Net energy metering (NEM) policies play a crucial role in making residential solar installations a good investment for homeowners in the U.S., so it’s important that solar contractors have a clear understanding of them. This is particularly true now, as many utilities have begun introducing changes to their NEM programs that reduce the value of distributed solar.
Under standard net metering, all excess energy from the solar PV system is valued the same as energy consumed from the grid. This means that a customer’s excess production in the middle of the day can offset energy consumption in the evening. Tiered and TOU rates complicate the math slightly, but in general, exported energy has a 1:1 value as imported energy.
Recently, many utilities have closed standard net metering programs and introduced new policies that chip away at the value of solar. These programs often feature reductions to the value of exported solar energy and limits to how long excess production credits can be kept.
This article provides an overview of some of the policies that reduce the value of exported energy, based on a study that analyzed over 45 million scenarios to determine how these new programs impact solar customers’ savings across the United States.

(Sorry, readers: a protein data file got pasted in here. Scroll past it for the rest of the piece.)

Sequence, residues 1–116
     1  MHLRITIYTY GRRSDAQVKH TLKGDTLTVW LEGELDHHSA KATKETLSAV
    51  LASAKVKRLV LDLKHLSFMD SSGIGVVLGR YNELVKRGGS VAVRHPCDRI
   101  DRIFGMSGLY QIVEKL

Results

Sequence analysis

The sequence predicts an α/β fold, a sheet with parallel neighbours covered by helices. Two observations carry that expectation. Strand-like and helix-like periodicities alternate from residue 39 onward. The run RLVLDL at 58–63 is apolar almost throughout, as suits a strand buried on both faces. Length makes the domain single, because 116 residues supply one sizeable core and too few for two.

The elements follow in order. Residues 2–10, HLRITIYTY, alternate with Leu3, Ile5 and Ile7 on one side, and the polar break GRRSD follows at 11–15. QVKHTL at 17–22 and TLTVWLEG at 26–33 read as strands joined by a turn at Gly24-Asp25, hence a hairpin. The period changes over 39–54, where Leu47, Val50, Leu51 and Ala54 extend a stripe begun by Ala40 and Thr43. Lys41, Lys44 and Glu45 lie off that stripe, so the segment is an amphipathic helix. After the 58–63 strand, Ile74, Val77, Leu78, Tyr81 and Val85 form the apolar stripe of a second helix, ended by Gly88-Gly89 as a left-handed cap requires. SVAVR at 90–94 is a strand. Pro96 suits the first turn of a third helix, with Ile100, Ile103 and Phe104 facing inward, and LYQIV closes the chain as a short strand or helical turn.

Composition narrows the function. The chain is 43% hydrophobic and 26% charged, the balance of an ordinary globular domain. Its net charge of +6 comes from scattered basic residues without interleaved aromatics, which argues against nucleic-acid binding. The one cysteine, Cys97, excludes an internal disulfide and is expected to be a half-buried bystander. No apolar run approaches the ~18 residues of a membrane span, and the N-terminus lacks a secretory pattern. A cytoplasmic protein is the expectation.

California’s NEM 2.0 program features non-bypassable charges, a portion of the electric rate that customers with solar pay for but cannot offset with solar energy production. These charges both add to the customer’s bill by virtue of being non-bypassable and slightly devalue their exported solar energy. Some other utilities have implemented non-bypassable charges in their rates, including Detroit’s DTE which counts the entire distribution charge as non-bypassable.
Percentage reduction of exported value
Some utilities such as NV Energy have instituted a percentage-based reduction in the value of solar energy exported to the grid. Under these policies, customers lose a percentage of their credit for excess energy. For example, under a 10 percent reduction, if the rate schedule specified $0.20/kWh electricity price, then the customer would receive only $0.18/kWh exported to the grid.
Flat export rates
Rather than tying the value of exported kWh to the retail electric rate, some utilities have implemented a flat export schedule similar to a feed-in-tariff (FIT). Unlike FIT compensation schemes, NEM customers on flat export rates net up their energy first (offsetting regular-rate usage from the grid) before exporting their excess energy, rather than selling all energy to the grid at a flat rate.
Not all PV production is reduced in value
It is important to note that solar energy used at the time of production in place of consumption from the grid is not affected by these rate changes, so customers who can align their production and consumption levels will be less impacted. The overlay graph of household energy consumption and PV production below illustrates this.